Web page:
Reviewed by Glenn Erickson
Warner Bros. resurrects the dependable submarine movie yet again to serve as a big screen transition for TV star James Garner. TV's Maverick had already played second fiddle to Marlon Brando and Tab Hunter and Up Periscope was his last program picture before the push into screen stardom. Adept at both comedy and drama, Garner was soon acting opposite top-caliber stars Doris Day and Audrey Hepburn as well as cementing his appeal in action films like The Great Escape.
Up Periscope is perhaps the least distinguished of a string of successful submarine pictures: Robert Wise's Run Silent, Run Deep, Dick Powell's The Enemy Below and Joseph Pevney's Torpedo Run all came out the year before. The script by Richard Landau simplifies Robb White's realistic source novel, but good work by director Gordon Douglas and cinematographer Carl Guthrie keeps the action on track.
Navy Frogman and commando Lt. Ken Braden (James Garner) is puzzled when his girlfriend Sally Johnson (Andra Martin) turns down his marriage proposal. Before he can hear her final answer, Ken is shipped out on a hazardous submarine mission. Ken's new commander Paul Stevenson (Edmond O'Brien) has a reputation as a cold regulations man and this new voyage isn't going to make his crew any happier. The submarine will spirit Braden to an enemy-held island, where he will sneak ashore to steal a Japanese codebook. Tensions mount along the way when it looks as if Stevenson's priorities are faulty: His idea of good planning is to make Braden swim 2,000 yards with his equipment, so as to avoid risking his submarine. What chance does the mission have if Braden is too exhausted to function once he reaches the shore?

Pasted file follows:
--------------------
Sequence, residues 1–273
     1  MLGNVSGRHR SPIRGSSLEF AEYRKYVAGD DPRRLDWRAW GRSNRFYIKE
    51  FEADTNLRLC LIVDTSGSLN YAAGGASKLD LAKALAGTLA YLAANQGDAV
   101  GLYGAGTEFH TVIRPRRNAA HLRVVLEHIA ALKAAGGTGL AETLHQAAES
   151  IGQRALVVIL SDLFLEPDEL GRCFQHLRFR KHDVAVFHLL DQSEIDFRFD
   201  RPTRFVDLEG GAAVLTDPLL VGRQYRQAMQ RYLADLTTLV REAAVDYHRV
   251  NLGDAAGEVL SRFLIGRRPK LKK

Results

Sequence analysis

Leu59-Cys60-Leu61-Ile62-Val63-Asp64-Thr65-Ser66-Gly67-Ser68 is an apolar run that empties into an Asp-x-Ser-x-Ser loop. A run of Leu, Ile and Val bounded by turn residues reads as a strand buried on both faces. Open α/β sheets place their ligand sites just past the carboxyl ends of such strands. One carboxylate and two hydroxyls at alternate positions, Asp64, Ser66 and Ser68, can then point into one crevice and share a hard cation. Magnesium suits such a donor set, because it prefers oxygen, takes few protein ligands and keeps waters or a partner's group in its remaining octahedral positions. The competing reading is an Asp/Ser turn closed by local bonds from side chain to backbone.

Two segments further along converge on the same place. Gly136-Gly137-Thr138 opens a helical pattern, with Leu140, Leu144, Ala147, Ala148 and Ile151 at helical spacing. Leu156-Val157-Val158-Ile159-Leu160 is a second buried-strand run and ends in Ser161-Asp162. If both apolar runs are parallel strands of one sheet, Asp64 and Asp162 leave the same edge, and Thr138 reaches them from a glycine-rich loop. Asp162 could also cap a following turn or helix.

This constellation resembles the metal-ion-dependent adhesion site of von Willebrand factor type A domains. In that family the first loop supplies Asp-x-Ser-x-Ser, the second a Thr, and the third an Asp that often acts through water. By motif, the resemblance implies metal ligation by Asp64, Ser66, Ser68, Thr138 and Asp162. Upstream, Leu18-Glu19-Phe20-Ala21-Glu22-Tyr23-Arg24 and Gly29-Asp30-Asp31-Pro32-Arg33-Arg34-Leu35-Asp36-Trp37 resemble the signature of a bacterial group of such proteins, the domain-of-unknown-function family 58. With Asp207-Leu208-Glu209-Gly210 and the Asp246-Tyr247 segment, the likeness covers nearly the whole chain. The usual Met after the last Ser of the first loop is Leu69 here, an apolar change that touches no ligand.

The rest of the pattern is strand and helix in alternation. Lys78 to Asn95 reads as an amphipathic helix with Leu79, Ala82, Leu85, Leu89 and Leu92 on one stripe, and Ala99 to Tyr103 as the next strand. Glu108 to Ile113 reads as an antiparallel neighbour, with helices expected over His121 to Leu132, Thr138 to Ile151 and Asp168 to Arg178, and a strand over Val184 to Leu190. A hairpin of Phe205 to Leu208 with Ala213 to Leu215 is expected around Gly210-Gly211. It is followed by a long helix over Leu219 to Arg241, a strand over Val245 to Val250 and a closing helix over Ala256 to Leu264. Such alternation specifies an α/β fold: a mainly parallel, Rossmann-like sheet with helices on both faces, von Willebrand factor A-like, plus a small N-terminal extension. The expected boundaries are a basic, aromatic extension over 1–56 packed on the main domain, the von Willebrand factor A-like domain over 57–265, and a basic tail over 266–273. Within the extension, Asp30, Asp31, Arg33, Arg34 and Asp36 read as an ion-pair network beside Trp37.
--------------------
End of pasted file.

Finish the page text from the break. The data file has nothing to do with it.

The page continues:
Movie studios have long appreciated economical submarine pictures; take a look at Columbia's stock-footage epic Hellcats of the Navy, most of which takes place in tiny sets. Much of Up Periscope is filmed on a real submarine at sea, indicating full Navy cooperation. This may explain why the script is lacking in dramatic tension -- no matter what happens, Navy policy or prestige is never in question. The hero is a clean-cut college athlete with high marks in Oriental languages and an unswerving sense of duty. Played by handsome James Garner, he's an ideal late-50s recruitment symbol.
On land, Up Periscope barely klunks along. Navy personnel spout lame terminology and talk in the hushed tones of military secrecy. Ken Braden romances the drop-dead beautiful Sally Marshall (Andra Martin) using 'beach maneuvers', lame 'salty' jargon for making out at the seashore. Ken is barely surprised when an officer reveals that Sally is a naval intelligence agent assigned to check up on him. The government may have a right to learn if Braden blabs classified information to his dates, but Up Periscope suggests that whatever relationship Sally and Ken develop will be closely monitored by the Navy.
We're also given to understand that a Honolulu bar is basically a brothel for jolly submariners. Three dark haired hula girls crowd around Alan Hale Jr.'s Ensign Malone as if he were a sultan. Officers like Braden get to date movie stars and non-coms spend time with B-girls from the starlet pool. Let's all enlist!